{
    case 'M': std::cout << "It's a boy!\n"; break;
    case 'F': std::cout << "It's a girl!\n"; break;
    case 'B': std::cout << "this name is for both sexes\n"; break;
    case '?': std::cout << "sex unknown sorry\n"; break;
    }
}

it's database driven, the table has something like 10,000+ names I think, but you need to download and install the z directory (includes many other topo items like countries, geographical landmarks, airports, states, area codes, postal-zip codes, etc along with c++ functions and objects to access the data). However the names are very English-language oriented. The table is a work in progress and gradually updated.

1

Name-gender maps can work but in multicultural countries it's more like guessing. I can give you one example: Marian in Polish is a typical masculine name, whereas the same name in Great Britain is a female name. In the era of people immigrating all over the world, I'm not sure such database would be very accurate. Good luck!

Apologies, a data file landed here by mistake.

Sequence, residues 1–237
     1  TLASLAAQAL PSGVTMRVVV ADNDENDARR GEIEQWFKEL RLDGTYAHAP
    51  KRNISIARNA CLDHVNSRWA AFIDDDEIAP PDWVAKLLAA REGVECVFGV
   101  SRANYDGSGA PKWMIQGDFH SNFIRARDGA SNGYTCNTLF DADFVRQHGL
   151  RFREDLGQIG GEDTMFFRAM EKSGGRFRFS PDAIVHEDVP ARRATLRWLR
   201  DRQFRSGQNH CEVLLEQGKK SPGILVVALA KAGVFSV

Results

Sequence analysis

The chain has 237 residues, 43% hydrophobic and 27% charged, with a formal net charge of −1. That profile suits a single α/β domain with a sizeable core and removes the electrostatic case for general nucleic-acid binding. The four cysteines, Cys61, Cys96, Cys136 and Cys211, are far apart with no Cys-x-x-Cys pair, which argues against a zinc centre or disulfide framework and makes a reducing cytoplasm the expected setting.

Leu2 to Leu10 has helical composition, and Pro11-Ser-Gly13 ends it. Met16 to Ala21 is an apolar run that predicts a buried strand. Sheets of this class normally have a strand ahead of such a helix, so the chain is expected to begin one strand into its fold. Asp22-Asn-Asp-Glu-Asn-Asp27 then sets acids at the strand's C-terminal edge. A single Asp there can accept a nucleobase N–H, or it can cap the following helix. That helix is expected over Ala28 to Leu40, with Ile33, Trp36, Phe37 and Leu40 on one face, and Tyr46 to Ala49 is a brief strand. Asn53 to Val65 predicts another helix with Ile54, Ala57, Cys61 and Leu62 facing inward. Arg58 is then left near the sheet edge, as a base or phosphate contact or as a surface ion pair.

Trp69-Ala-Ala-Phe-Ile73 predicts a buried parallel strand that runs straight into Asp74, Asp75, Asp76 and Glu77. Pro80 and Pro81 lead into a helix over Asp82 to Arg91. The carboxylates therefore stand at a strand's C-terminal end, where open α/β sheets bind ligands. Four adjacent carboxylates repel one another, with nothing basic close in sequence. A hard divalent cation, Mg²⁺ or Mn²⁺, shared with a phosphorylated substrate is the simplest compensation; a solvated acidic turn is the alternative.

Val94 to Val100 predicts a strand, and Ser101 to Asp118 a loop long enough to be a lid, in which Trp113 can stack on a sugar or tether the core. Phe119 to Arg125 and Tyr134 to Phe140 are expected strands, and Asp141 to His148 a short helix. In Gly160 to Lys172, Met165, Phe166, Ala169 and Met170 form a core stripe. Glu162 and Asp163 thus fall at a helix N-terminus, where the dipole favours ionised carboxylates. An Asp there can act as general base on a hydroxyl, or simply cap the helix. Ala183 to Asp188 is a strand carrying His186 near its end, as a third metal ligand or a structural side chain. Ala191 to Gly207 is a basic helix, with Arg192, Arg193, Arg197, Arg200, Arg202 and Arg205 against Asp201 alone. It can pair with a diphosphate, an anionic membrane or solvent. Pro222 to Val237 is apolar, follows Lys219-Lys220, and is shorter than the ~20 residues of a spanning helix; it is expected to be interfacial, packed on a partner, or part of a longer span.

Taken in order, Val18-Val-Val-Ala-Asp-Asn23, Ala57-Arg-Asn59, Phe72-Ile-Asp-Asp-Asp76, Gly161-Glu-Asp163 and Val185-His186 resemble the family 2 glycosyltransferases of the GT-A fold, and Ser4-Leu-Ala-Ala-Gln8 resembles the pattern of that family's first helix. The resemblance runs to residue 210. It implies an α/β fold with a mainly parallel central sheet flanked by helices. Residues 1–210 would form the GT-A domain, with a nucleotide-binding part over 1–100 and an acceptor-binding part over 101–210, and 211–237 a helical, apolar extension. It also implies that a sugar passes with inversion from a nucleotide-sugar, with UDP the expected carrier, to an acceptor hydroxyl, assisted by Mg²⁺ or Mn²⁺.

• 1
    No, but so long as it is better than 50% it beats treating names as always masculine. – Chas. Owens May 3 '09 at 23:37
  • @Chas, so why cling to that false dichotomy? You have the option of gender-neutrality. – bignose May 3 '09 at 23:42
  • we even have 2 famous politics who have a second name 'maria' - 'mary' which would be classified in your database as feminine. just for the lols. – zalew May 4 '09 at 4:46
  • @JZ I am speaking of the firstname not the lastname (or vice versa for the cultures that do the reverse). – Chas. Owens May 4 '09 at 19:02